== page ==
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Written by Michelle Noehren for

My fellow blogger Carly has a friend whose 3 month old baby is extremely colicky. Trying to advise her today on what to say to her friend brought up some feelings from my own experience with this issue. You see, my daughter was colicky for SEVEN months straight. She would cry and cry and I would post countless Facebook status updates about the fact that I was losing my mind. Everyone has a suggestion for what you should do – run the hairdryer/vacuum, bounce them on a ball, turn the dryer on and let them lay on top of it, go for drives in the car, go for a walk etc etc. For me, and I know for many others, these suggestions only brought temporarily relief from the crying, if that.

I’m still not sure what words would have helped me as I went through this. I can 100% say that it DID get better and now that there’s about a year of distance from when the crying finally stopped, I can look back at that time with more clarity.

Do you believe that there is a reason babies are colicky? That it might not be gas, or nutrition, or your breast milk? That maybe it’s something that little girl or guy is going through, emotionally? I had never even considered that point of view until I read Kate Street’s post about the c-word (READ IT, seriously).

For my situation, as I look back, it makes so much sense to me. I had a very traumatic birth experience and my daughter was born into this world also in a state of trauma. (Read my birth experience part 1 and part 2 for more details). The trauma had a deep and profound effect on me – I had severe anxiety for weeks and cried many, many tears.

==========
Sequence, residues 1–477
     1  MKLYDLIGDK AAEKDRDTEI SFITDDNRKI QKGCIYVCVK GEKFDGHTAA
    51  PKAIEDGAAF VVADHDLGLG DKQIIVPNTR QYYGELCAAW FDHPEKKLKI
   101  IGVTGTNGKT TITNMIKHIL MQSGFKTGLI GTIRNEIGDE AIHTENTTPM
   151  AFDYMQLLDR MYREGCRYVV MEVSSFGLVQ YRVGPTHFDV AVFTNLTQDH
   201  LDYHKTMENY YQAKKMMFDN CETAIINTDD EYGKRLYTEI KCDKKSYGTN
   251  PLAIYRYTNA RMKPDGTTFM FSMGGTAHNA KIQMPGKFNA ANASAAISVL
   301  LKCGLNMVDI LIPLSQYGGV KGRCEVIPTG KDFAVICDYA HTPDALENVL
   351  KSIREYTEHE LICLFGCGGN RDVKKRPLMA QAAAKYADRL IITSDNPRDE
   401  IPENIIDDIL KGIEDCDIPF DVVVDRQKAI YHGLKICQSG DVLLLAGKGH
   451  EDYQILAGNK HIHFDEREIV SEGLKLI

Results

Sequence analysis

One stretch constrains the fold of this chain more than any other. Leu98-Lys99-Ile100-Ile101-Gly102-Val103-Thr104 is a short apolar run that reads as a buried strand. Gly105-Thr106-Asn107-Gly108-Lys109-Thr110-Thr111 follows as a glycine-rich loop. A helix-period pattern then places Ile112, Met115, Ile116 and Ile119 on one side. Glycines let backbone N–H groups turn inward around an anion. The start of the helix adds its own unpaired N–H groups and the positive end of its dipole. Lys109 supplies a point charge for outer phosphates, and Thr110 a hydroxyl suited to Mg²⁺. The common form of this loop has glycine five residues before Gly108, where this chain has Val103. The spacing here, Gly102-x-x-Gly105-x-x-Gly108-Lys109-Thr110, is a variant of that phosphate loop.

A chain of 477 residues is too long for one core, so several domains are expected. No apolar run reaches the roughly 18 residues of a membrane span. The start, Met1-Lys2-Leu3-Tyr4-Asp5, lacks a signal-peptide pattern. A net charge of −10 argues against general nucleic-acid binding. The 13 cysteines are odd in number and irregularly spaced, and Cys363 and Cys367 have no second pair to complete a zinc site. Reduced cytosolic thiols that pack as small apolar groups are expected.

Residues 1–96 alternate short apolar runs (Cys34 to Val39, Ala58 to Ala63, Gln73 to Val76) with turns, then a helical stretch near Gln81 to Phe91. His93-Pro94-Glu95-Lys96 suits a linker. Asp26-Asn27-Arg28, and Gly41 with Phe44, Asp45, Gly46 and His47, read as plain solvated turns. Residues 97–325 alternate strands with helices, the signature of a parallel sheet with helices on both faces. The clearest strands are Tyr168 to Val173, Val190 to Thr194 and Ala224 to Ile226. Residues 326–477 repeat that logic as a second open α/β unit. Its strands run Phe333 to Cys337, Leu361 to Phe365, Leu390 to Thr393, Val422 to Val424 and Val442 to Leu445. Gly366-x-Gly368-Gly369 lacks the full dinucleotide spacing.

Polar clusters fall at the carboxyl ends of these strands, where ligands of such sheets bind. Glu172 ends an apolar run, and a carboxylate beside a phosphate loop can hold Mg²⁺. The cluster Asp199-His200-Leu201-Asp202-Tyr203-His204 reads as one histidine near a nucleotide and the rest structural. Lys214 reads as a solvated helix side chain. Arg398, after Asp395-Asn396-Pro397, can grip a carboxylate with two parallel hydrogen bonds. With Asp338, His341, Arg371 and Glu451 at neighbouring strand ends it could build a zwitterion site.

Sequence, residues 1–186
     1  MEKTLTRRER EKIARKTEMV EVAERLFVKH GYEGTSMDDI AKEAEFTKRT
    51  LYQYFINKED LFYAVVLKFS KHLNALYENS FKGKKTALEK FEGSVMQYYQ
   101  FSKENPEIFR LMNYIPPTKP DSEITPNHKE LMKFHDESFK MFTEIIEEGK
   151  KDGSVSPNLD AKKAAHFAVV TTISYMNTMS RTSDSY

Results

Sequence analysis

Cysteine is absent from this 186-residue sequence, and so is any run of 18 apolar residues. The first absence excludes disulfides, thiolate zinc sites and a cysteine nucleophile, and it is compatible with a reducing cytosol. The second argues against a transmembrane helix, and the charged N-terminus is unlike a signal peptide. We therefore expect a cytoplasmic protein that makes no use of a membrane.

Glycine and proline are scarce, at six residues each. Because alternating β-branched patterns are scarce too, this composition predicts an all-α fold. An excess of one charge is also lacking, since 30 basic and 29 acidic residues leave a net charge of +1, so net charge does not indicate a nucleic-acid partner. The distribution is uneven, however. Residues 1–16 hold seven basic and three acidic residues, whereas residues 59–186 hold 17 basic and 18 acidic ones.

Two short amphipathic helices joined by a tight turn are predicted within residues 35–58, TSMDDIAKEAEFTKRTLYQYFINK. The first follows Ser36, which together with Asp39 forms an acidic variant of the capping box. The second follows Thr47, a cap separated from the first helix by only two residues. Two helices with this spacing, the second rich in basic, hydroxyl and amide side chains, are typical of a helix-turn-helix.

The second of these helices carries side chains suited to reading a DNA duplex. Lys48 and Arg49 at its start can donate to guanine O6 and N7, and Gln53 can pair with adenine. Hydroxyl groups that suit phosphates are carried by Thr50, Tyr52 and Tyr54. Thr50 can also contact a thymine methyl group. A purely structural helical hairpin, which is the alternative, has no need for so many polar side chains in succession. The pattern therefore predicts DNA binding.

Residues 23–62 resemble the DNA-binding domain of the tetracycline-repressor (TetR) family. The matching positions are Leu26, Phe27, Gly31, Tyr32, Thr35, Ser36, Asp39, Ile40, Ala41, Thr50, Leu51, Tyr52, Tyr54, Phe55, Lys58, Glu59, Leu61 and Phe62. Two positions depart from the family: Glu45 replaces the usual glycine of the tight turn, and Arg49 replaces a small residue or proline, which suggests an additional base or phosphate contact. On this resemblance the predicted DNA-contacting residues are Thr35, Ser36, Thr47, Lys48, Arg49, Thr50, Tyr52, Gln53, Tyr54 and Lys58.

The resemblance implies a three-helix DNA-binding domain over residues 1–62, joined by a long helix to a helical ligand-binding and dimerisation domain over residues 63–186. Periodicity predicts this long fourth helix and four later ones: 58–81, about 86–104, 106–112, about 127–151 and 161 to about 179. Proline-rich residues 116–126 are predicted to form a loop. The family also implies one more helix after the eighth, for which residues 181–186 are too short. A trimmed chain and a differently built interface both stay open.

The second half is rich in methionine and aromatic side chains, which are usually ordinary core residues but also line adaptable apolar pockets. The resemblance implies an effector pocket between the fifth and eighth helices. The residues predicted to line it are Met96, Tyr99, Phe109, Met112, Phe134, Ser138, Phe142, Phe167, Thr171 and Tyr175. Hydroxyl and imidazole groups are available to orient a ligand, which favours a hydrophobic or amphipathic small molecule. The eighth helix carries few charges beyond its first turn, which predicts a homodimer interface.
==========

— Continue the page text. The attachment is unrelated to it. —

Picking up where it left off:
If this experience had such a profound affect on ME, an adult who can at least understand what’s happening around her, can you imagine what kind of affect it had on my newly born little girl? How scary it must have been to go from the warmth and comfort of my body to a world, that at first look, was horrifying?

No WONDER she cried, and cried, AND cried. It wasn’t about the formula giving her gas, it was about her dealing with the fear she felt when she was born. I wish I could have had this clarity while I was going through it. Maybe I could have been more compassionate, more understanding and more patient, knowing that this was her way of expressing herself. No matter what though, I’m glad I can see this clearly now, because as any mom who has had a colicky baby knows, it shakes you to the core and stays with you for a long time after the crying has stopped.

Here’s hoping that my piece today might help one person gain insight into their baby’s crying. If you’re struggling with a colicky baby right now, or have in the past, I would love to know – do you get what I’m saying here? Does it resonate with you in any way?

Michelle Noehren is the founder and editor of and Follow her latest adventure - Love Notes From Your Body via Facebook and Twitter.

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